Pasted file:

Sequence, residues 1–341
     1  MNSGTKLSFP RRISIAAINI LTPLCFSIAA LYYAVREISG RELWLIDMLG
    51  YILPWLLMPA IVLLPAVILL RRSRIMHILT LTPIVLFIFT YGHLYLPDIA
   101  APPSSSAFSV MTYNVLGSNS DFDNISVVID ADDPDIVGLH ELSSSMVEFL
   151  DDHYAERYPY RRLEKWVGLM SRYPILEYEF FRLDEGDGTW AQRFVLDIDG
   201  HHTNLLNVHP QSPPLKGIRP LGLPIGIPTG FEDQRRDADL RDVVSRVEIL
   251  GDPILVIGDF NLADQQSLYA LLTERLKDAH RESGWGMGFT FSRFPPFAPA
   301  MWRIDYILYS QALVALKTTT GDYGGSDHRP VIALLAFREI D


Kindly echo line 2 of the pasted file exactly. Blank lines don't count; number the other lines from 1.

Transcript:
     1  MNSGTKLSFP RRISIAAINI LTPLCFSIAA LYYAVREISG RELWLIDMLG